Sunday, March 28, 2010
Based on the real life story of the remarkable man who built the author’s house, this novel is unusual among Miura’s works for several reasons. It is told in the “voice” of the carpenter, capturing the full flavor of an early Showa-era working-class man of limited education and rich in life experiences. The book begins with Suzumoto Shinkichi’s earliest memories of growing up in wretched poverty. His father dies an accidental death before he is born, and his mother works herself ragged to feed her children and the lazy, incompetent man she eventually gets remarried to. The book does not have a tight plot that holds the reader in suspense, like a typical Miura novel. Rather, each chapter follows Shinkichi through a stage of his life, a childhood cut short by the need for another wage earner, his early training as a carpenter, marriage, being drafted to serve in Japan’s war with China, and finally his return from the war and his struggle to regain his life and living. In spite of some dark themes such as poverty, suffering, and doubts about war, the novel is liberally peppered with humorous incidents, another factor that makes this novel stand out among Miura’s works.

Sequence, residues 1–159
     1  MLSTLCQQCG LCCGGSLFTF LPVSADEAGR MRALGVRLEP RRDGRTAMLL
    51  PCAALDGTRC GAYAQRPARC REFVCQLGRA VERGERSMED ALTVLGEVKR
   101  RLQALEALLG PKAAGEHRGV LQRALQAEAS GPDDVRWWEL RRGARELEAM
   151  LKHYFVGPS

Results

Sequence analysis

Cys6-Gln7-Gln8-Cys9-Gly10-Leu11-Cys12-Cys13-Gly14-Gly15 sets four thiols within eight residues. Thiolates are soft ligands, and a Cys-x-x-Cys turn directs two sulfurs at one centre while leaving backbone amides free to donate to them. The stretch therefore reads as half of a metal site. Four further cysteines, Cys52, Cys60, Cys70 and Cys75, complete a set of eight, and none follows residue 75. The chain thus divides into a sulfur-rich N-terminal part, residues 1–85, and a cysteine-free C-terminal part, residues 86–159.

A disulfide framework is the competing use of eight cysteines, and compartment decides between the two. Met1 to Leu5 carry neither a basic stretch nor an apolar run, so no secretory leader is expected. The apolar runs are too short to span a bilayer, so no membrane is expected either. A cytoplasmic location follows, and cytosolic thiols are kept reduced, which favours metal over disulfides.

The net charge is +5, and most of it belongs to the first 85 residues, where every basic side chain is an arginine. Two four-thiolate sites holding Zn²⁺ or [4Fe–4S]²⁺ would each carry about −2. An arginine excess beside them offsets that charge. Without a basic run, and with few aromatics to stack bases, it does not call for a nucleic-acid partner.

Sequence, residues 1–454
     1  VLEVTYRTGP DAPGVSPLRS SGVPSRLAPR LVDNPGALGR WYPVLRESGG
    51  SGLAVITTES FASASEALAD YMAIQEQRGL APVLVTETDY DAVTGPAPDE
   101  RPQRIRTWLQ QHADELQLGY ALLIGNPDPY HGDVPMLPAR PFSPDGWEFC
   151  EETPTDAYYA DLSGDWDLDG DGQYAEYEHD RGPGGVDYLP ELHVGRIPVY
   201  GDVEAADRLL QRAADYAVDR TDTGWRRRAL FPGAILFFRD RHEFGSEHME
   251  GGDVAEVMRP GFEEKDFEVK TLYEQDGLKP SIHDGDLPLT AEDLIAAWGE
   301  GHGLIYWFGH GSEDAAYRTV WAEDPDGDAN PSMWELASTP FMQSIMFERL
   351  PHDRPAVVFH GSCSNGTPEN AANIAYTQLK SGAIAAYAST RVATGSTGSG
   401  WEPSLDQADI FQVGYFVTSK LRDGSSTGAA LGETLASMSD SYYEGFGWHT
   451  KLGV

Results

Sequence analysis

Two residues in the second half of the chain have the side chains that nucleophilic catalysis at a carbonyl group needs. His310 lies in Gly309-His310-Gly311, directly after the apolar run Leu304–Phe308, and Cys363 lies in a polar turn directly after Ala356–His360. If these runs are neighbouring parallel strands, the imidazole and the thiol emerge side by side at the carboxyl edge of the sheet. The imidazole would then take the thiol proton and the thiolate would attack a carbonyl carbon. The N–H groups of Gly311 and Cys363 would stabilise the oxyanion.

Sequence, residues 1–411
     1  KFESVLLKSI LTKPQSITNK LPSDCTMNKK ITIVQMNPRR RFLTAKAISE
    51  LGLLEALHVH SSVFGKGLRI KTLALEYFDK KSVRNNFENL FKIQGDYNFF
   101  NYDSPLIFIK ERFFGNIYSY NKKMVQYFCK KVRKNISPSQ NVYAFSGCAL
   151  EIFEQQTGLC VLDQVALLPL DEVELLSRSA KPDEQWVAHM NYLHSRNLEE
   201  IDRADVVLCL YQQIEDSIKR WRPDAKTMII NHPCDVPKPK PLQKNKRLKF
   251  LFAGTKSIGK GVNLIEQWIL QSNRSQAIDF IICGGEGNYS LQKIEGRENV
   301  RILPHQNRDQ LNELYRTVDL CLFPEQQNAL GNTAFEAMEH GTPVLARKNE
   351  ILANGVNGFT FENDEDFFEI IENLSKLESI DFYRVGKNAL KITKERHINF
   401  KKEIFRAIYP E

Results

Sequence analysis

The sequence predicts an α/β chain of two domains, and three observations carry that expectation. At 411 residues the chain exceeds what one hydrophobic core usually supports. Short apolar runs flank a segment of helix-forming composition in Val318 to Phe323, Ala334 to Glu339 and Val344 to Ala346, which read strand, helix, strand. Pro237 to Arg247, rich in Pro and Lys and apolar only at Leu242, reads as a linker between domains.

The book is not yet available in English translation.